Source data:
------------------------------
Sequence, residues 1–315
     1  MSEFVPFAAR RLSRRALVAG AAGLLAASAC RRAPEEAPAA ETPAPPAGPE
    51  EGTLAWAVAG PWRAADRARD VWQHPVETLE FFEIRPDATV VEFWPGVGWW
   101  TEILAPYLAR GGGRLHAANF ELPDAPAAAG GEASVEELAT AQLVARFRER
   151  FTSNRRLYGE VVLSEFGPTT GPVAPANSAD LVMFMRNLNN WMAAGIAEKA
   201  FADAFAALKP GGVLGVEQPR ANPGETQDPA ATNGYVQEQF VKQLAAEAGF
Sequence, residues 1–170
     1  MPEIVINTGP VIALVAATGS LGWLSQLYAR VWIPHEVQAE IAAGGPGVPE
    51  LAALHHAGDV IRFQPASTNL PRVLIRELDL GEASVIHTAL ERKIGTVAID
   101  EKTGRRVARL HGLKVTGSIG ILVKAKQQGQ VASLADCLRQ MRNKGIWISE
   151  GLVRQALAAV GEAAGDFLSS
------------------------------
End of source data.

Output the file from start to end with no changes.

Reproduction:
Sequence, residues 1–315
     1  MSEFVPFAAR RLSRRALVAG AAGLLAASAC RRAPEEAPAA ETPAPPAGPE
    51  EGTLAWAVAG PWRAADRARD VWQHPVETLE FFEIRPDATV VEFWPGVGWW
   101  TEILAPYLAR GGGRLHAANF ELPDAPAAAG GEASVEELAT AQLVARFRER
   151  FTSNRRLYGE VVLSEFGPTT GPVAPANSAD LVMFMRNLNN WMAAGIAEKA
   201  FADAFAALKP GGVLGVEQPR ANPGETQDPA ATNGYVQEQF VKQLAAEAGF
Sequence, residues 1–170
     1  MPEIVINTGP VIALVAATGS LGWLSQLYAR VWIPHEVQAE IAAGGPGVPE
    51  LAALHHAGDV IRFQPASTNL PRVLIRELDL GEASVIHTAL ERKIGTVAID
   101  EKTGRRVARL HGLKVTGSIG ILVKAKQQGQ VASLADCLRQ MRNKGIWISE
   151  GLVRQALAAV GEAAGDFLSS